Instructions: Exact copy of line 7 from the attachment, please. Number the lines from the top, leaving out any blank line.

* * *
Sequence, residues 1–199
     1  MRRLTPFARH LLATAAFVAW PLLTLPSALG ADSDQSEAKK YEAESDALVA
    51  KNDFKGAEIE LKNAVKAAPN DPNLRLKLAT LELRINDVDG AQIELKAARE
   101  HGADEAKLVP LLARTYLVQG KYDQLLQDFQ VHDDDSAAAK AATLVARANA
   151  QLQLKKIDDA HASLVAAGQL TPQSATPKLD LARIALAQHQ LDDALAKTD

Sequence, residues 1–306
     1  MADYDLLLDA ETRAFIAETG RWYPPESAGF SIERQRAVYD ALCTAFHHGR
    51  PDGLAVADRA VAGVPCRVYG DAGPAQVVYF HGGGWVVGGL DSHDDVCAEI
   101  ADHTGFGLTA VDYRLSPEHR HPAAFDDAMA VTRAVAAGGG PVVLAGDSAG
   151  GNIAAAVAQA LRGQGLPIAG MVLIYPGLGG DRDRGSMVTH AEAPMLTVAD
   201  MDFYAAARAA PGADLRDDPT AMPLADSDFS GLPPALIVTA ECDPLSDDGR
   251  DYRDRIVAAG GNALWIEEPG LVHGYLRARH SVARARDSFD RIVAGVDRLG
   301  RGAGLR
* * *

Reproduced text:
     1  MADYDLLLDA ETRAFIAETG RWYPPESAGF SIERQRAVYD ALCTAFHHGR